A person went to have their portrait painted. The person said to the artist, “Try to do me justice.” The artist replied truthfully but not too kindly, “What you need is not justice but mercy.”  Well, we all do. We couldn’t live by strict justice alone. Just on the human level, we need mercy, kindness and understanding. Every lasting friendship, every marriage, every relationship must be sustained by mercy.  One key to being a merciful person is to recognize and acknowledge your own need for mercy.  In my own ministry, heavens, in my own life, I am thankful that others have shown mercy when I have blundered and made mistakes. They have encouraged me, lifted me up and given me another chance. And I am grateful.  So how can I be less than merciful myself?  

      Unfortunately, we often want others be kind towards us without showing similar kindness to others. Again I am sometimes like this. We criticize others for the very blunders we make ourselves. We point out the speck in our neighbours’ eye while overlooking the log in our own. But when you judge someone, you must apply the same standard to yourself.  Now showing mercy does not mean overlooking sin and wrongdoing. But we judge and correct others and discipline others in recognition of our own need for mercy.  And even the sentence we mete out is tempered by a measure of mercy. How many times we have said, “There but for the grace of God go I.” John Wesley once met a man who said, “I never forgive.” Wesley said, “Then you had better never sin.” One theologian reminds us that “forgiving love is a possibility only for those who know themselves in need of mercy.”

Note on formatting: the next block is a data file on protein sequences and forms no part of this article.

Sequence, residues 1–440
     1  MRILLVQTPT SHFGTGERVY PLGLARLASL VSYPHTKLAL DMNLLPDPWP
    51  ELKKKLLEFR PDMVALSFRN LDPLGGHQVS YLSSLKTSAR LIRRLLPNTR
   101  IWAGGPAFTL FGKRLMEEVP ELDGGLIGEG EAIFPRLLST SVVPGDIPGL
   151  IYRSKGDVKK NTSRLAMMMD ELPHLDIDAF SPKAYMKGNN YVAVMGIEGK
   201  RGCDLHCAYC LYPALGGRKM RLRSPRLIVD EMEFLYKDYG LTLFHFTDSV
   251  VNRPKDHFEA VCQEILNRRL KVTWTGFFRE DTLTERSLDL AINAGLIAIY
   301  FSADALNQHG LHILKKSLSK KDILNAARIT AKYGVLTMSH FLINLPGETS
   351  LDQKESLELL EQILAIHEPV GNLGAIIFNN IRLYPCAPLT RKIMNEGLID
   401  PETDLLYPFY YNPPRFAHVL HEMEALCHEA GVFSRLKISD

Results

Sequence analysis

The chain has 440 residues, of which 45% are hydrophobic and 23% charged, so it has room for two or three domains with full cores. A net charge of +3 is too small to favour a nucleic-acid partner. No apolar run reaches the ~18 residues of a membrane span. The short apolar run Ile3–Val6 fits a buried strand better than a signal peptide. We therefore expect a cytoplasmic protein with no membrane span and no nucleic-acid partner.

And we need God’s mercy. Oh my, do we need it. Listen to Jesus’ words. “Love your enemies, do good to those who hate you, bless those who curse you, pray for those who abuse you. If anyone strikes you on the cheek offer the other also; and from anyone who takes away your coat do not withhold even your shirt. Give to everyone who begs from you, and if anyone takes away your goods do not ask for them again. Do to others as you would have them do unto you.”   

    Now like you, I am a follower of Jesus. I must take these words seriously and seek to live by them.  Someone has said these words are the GPS which guides Christian living. But do I live this way? My goodness no, certainly not always and not very consistently. I’m guessing that you don’t either. In fact, go through that list – loving enemies, doing good to those who hate you, praying for those who abuse you, and so on. Only Jesus did these things perfectly.  Those teachings of Jesus not only guide me; they make me aware how far short I fall. They make me aware of my need for God’s mercy.  And it’s true for you, too. So that’s the first thing – recognizing our need for mercy, for human mercy and for God’s mercy.  “Be merciful, just as your Father is merciful.”

        Here’s the second “r” word”-  receive – we receive God’s mercy.

      If God gave us what we deserve, we would be lost. But thankfully the Father is merciful to us.  Because of God’s mercy I am not lost or condemned or cast aside. Yes, I am an imperfect follower of Jesus but I am still a follower. And so are you. We are still God’s children and inheritors of his promises. That is because the Father is merciful and because we have received his mercy.